"The Search for General Tso" places great importance on the eponymous Chinese dish, a staple of American Chinese restaurants.
It wants you to really think about the delicious, savory chicken and sweet-sour sauce, to consider the cultural currents that crossed to produce this hybrid of east and west.
This is an unlikely subject for a movie but a strangely beautiful one, hitting poignant notes on a cross-country journey to restaurants in big cities and small towns, all in a bid to understand where this dish came from and what it represents.
Documentarian Ian Cheney investigates competing claims over the origin of the dish and, in an amusing segment, heads to China where he perplexes locals with photos of the distinctly American concoction.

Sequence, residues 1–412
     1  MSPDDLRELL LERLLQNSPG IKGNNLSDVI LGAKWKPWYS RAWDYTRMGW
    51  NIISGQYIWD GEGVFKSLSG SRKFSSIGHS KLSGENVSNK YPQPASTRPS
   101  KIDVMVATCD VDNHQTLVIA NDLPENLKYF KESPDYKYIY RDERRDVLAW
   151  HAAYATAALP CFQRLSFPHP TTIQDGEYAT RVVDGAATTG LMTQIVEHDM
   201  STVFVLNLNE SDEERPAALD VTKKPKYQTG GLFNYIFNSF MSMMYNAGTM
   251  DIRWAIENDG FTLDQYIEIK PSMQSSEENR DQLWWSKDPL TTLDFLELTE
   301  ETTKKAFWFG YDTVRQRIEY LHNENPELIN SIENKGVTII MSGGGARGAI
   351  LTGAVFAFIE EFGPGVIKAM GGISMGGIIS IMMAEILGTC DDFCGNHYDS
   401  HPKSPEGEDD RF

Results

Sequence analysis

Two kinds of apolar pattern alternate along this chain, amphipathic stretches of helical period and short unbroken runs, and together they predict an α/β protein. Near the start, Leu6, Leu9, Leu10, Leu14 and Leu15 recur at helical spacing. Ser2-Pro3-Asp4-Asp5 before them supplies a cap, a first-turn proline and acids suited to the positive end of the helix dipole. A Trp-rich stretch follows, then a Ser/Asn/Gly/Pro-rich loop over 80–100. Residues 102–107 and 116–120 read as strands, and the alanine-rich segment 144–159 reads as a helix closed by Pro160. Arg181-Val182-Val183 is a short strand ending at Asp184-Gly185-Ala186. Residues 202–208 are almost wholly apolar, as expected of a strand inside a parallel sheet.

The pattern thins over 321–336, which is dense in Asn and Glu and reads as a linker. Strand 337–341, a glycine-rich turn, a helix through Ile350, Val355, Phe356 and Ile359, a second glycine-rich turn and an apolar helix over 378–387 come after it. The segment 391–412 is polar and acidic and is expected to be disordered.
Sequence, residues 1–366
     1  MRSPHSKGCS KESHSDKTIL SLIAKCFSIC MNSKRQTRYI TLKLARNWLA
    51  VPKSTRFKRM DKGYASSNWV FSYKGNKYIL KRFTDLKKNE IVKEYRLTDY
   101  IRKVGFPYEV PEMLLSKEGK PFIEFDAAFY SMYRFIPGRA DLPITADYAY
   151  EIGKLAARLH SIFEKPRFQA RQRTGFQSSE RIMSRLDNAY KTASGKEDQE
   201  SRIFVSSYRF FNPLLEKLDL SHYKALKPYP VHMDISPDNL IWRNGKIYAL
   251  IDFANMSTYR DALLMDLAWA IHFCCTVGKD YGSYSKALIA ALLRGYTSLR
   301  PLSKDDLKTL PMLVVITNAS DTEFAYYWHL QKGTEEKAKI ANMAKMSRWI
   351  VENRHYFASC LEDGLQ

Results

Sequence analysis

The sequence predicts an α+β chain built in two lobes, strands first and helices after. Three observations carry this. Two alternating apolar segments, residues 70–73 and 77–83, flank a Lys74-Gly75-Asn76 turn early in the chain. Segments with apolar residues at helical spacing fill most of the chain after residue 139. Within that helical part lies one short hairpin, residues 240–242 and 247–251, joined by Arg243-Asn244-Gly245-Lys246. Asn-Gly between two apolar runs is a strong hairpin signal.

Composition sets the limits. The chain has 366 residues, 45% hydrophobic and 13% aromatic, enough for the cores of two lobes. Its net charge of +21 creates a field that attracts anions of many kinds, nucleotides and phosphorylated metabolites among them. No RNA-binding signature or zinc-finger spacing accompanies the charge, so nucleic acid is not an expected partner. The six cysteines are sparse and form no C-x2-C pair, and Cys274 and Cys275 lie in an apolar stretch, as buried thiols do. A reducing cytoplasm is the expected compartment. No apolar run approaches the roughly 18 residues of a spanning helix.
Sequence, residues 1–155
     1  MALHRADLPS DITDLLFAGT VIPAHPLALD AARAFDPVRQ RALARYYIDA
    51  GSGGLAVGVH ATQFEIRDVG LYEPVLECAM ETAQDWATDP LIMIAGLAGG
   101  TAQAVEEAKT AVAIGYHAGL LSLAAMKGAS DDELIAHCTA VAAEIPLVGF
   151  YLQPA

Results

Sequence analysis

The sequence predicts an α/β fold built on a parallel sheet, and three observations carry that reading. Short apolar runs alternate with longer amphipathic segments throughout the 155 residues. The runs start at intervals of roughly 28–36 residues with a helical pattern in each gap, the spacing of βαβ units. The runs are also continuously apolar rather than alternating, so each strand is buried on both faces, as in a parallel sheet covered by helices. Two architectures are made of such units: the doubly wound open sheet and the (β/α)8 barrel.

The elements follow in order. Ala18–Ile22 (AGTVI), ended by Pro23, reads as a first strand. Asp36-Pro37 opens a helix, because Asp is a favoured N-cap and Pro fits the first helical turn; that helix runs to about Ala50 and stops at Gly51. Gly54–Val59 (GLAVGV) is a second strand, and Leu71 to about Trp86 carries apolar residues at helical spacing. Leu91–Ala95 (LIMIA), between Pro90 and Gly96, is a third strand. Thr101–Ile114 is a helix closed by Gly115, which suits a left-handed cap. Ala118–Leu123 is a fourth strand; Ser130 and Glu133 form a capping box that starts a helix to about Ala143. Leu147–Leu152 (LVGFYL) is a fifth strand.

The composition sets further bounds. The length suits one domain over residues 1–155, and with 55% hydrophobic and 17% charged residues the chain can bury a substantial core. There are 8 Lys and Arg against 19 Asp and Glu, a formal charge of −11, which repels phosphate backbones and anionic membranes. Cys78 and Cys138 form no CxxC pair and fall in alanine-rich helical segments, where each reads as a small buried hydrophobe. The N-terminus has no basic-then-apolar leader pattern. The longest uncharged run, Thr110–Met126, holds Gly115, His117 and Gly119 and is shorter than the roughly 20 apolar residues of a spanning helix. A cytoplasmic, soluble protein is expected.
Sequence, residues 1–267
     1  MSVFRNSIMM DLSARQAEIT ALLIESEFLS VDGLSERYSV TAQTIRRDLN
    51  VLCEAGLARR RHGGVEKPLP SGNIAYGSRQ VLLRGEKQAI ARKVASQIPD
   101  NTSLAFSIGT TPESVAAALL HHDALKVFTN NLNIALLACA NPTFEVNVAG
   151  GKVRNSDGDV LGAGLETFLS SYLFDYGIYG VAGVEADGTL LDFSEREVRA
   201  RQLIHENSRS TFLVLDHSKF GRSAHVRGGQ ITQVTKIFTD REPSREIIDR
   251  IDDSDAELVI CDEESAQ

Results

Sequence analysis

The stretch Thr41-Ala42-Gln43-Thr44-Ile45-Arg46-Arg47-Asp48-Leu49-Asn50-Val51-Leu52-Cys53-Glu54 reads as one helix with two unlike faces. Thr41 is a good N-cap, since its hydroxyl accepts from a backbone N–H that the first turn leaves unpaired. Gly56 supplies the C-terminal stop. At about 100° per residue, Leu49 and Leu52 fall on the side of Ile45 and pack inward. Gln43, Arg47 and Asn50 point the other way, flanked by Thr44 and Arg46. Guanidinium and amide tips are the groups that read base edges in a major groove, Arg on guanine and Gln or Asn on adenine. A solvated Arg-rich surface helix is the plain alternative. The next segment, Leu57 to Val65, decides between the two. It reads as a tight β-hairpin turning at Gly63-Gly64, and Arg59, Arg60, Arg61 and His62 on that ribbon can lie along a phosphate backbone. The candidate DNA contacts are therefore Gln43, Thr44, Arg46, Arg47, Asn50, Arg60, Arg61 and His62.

The movie has more on its mind that an epicurean detective story, though it'd work just fine as an advertisement for delicious cooking.
"The Search for General Tso" is short, clocking in at about 71 minutes, but Cheney achieves something special in the way he convincingly advances the movie's central argument: that General Tso's chicken, and the other American Chinese favorites that have swept across this land and into the hearts of its people, are the primary reasons that a century of anti-Chinese discrimination came to an end.
You might laugh at the notion of chicken as a great unifying force, but this surprisingly moving flick deep fries any skepticism.